Renewed fears of higher rates and economic weakening, coupled with a tough talk by Fed Chair Jerome Powell and other Fed officials, sent stocks lower in August.
The Dow Jones Industrial Average dropped 4.06%. whereas the Standard & Poors 500 Index fell 4.24% and the Nasdaq Composite lost 4.64%.
A Strong Start:
August started off well enough, building on the summer rally over the course of the month’s first two weeks. Investor sentiment was lifted by a surprisingly strong employment report that saw the economy add 528,000 jobs in July and later by a better-than-expected Consumer Price Index (CPI) report that saw inflation decelerate slightly.
A fresh batch of positive earnings surprises provided an additional boost for stocks. Overall, the earnings season turned out to be better than what many investors had expected. With 97% of the companies comprising the S&P 500 reporting, 78% reported earnings that exceeded Wall Street analysts’ estimates.
The fuel for the stock market’s rebound since the mid-June low was, in part, the belief that the Fed may ease up on the pace and magnitude of interest rate hikes owing to early signs that inflation may be cooling.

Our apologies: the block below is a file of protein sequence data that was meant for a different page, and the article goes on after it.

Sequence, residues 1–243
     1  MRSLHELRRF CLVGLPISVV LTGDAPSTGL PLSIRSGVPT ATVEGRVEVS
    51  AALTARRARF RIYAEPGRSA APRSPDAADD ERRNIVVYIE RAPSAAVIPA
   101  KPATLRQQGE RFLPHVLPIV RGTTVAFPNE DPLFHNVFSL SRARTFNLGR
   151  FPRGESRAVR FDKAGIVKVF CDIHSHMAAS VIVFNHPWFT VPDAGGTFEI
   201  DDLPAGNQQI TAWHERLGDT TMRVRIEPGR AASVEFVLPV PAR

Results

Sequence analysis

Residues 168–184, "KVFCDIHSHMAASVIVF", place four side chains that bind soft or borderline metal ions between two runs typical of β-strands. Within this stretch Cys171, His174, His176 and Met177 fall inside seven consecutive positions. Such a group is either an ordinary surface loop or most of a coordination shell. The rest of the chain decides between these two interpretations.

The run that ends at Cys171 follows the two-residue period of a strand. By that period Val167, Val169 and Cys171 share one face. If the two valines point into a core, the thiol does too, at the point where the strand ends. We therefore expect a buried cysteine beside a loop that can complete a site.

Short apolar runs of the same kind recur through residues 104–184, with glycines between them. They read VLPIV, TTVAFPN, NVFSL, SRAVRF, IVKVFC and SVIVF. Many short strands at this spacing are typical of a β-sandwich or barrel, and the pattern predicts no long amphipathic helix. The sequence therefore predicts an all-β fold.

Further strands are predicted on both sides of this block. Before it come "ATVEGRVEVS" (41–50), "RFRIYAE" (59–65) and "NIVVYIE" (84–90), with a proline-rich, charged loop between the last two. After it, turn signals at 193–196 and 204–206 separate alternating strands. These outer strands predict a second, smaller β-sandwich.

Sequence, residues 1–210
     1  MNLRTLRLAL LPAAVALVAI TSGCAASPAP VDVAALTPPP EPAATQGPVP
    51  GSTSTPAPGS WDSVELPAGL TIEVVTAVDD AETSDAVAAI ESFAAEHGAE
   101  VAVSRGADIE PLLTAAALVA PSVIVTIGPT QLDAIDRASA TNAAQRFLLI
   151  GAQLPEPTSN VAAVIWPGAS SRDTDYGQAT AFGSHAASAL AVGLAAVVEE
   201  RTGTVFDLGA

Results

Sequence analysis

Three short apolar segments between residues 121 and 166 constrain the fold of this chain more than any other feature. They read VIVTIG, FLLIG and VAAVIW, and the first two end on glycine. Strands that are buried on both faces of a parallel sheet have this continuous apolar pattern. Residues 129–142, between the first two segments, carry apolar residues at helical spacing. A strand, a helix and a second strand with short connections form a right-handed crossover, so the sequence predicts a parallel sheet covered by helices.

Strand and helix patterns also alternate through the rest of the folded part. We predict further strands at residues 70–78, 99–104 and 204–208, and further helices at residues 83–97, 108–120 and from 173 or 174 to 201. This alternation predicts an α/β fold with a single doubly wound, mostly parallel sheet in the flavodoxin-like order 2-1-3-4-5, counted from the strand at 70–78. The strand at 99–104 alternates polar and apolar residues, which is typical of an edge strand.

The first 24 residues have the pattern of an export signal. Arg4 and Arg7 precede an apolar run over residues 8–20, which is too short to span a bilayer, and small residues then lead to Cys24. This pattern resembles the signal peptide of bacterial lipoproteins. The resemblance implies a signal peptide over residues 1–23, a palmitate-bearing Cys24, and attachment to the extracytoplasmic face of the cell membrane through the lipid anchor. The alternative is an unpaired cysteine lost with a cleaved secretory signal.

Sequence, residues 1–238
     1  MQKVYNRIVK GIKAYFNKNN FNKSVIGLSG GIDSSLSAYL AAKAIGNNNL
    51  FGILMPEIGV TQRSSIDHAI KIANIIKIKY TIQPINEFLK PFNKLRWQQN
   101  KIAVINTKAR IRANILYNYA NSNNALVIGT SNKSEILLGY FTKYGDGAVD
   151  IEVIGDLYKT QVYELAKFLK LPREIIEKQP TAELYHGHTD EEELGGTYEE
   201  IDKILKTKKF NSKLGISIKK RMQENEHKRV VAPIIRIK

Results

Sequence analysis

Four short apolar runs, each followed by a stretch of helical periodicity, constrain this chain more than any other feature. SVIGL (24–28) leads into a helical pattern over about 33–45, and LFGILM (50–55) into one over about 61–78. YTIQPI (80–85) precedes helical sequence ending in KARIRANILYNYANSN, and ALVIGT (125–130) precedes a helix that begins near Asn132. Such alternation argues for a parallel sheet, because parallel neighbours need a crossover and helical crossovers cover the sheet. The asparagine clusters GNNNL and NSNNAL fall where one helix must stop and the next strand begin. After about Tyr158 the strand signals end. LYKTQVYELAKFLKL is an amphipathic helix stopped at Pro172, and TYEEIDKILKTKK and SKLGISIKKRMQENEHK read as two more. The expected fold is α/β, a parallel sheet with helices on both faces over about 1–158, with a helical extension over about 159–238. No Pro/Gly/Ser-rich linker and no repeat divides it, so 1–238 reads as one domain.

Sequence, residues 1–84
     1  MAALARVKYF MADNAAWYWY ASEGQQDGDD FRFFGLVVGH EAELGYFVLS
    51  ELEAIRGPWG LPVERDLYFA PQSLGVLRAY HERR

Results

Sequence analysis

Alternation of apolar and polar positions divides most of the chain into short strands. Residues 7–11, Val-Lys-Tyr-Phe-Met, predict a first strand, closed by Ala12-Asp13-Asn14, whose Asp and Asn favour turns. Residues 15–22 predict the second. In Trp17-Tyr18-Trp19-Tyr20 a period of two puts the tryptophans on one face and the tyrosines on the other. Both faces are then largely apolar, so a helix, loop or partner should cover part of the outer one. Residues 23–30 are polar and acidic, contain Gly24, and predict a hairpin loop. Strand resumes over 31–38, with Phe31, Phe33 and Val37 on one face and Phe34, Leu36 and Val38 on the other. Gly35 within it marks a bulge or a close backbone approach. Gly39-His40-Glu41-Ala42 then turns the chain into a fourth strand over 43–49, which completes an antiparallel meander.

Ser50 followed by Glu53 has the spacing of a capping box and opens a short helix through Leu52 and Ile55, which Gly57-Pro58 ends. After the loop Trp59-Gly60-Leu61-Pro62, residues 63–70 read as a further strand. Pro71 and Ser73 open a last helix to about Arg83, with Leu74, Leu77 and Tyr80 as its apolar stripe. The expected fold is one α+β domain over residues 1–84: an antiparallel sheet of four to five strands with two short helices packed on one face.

But Fed Chair Powell’s much-anticipated speech at the Jackson Hole Economic Symposium rattled investors. By the time Powell finished his speech on the morning of August 26th, the market was in full-on retreat. Powell’s comments did not include anything investors hadn’t already heard, but the forcefulness with which he communicated the Fed’s commitment to lowering inflation struck many investors as especially hawkish.
The market’s month-to-date gains disappeared following the speech as Powell appeared to end any investor hope of a pivot by the Fed. Stocks added to their losses in the month’s final days as investors confronted a monetary policy landscape that potentially offered little relief from further Fed interest rate hikes.
Most industry sectors ended lower for the month, including Tech -6.21% and Healthcare -5.77%, while Energy +2.65% and Utilities +0.53% sectors registered a monthly gain. As seen in the below chart, the inverse relationship between Energy and the overall market.